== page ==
1846, MAY. - Colonel Fremont, on his third exploring expedition, arrived in the valley of the Sacramento, and took part in the movement for the independence of California.
It was accomplished before the arrival of Commodore Sloat at Monterey. With the arrival of the American forces, the Independents united with them.
1846, MAY 11. – The President sent a message to Congress, stating that Mexico had begun hostilities, and calling upon Congress to recognize the existence of war, and make provision for its vigorous prosecution.
On the 13th, both houses having passed the bills necessary for raising the requisite men and money, they were signed by the President, who issued a proclamation of war. The bill for the supplies contained in its preamble that war existed by the act of the republic of Mexico. To this statement objection was made.
1846. — A COMMUNITY, under the direction of J. H. Noyes, was formed at Putney, Vermont.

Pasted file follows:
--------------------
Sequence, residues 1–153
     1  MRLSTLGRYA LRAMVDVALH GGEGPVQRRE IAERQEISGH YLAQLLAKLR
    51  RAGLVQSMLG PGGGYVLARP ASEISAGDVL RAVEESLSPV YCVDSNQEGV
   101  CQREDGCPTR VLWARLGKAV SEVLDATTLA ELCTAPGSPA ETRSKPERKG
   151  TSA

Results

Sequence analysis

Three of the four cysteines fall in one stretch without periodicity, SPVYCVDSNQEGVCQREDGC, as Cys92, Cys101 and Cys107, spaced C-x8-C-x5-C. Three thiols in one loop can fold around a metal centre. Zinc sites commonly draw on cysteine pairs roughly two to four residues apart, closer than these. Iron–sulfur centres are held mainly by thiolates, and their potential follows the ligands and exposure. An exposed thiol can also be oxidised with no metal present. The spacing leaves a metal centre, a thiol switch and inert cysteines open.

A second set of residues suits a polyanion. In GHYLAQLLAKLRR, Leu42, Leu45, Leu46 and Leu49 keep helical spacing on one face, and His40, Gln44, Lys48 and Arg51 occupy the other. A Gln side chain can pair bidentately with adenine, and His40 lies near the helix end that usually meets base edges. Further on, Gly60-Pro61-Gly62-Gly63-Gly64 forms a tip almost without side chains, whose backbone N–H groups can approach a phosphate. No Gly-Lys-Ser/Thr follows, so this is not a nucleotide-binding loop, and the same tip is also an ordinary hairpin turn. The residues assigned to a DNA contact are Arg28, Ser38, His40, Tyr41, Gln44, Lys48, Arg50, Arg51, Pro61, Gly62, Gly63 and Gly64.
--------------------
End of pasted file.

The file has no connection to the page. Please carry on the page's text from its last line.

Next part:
Being mobbed and driven away in 1848, they settled at Oneida, New York. They call themselves “ The Perfectionists,” and have a branch settlement at Wallingford, Connecticut.
1846. - A COMPANY_from Sweden, under the leadership of Olaf Olson, settled at Bishop Hill, in Illinois.
They were a religious community. In 1853 they were incorporated as an association by the legislature, and in 1860 divided their property, and in 1862 ceased to exist.
1846, JUNE 15.- A treaty between Great Britain and the United States settled the Oregon question.
The country was greatly excited concerning the question. Congress, after a long and violent discussion, had passed a resolution, which was approved by the President on the 27th of April, to give notice to Great Britain for the abrogation of the joint occupancy of Oregon as settled by the convention of August 6, 1827. The notice had been sent, and the suspense as to its reception by Great Britain was fortunately ended by the news of the treaty. The dividing line, by the treaty, was the forty-ninth degree of latitude, from the Stony Mountains west to the middle of the channel separating Vancouver's Island from the main land; thence southerly through the middle of the channel and of Fuca's Straits to the Pacific. The channel and straits to be free, as also the great northern branch of the Columbia River. The treaty was ratified and proclaimed by the President, August 5, 1846.